Saturday, May 13, 2006

Innocent Man Mistaken For Registered Offender

Washington Post

Eric Haskett was merely taking a nap in a car when he roused suspicion in a rural Frederick County neighborhood. A neighbor traced Haskett's license plate to an address once used by a registered sex offender.

Then his girlfriend's parents told him to scram; law enforcement officials, including three FBI agents, began investigating; and Haskett began fearing that the suspicions could cost him his job at a gag shop that sells such kid-friendly items as whoopie cushions.

If this sort of misunderstanding and overeaction keeps happening, public sex offender registries will become worse than useless. This case demonstrates that insufficient knowledge is a dangerous thing. If paranoia becomes rampant, it may come to the point where sex offender registries have to be removed from public view or we will need specific laws to protect those mistaken as sex offenders.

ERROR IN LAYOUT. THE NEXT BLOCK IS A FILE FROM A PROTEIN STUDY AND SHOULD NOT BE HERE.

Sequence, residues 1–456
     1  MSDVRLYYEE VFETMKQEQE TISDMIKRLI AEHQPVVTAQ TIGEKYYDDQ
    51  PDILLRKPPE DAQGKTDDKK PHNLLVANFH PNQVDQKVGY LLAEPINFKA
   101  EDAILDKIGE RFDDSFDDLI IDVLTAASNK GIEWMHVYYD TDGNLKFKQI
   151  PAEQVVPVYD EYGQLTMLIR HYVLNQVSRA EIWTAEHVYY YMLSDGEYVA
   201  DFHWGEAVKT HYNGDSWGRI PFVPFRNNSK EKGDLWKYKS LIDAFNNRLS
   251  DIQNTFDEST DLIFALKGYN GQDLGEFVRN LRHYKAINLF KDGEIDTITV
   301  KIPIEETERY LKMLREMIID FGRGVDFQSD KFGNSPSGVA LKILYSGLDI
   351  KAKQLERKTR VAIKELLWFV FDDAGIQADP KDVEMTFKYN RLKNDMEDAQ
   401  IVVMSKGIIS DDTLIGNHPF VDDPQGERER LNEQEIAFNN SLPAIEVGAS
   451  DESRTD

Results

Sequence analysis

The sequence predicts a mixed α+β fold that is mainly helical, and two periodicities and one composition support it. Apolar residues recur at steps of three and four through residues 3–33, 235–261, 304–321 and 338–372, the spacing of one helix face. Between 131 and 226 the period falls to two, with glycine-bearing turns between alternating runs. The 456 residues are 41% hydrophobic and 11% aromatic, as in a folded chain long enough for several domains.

While people are panicking over the wrong people, trusted and unconvicted sex offenders will continue to have access to victims who may or may not be believed if they speak up.
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posted by Marcella Chester @ 12:49 PM   1 comments links to this post

1 Comments:

At May 13, 2006 3:47 PM, Blogger kactus said...

Or offenders who have complied with every single requirement of their parole/probation and are trying to get a new lease on life won't be able to find housing.

I have a close relative, whom I love deeply, who is a registered S.O. I don't like to talk about this because whenever I do people think I'm condoning his crime, and I'm not. I'm just saying that the potential for abuse in the registry system is too large, and in the hysteria over "stranger danger" the very real fact that most victims know their abusers is overlooked. I wish common sense instead of talking points could prevail.

 

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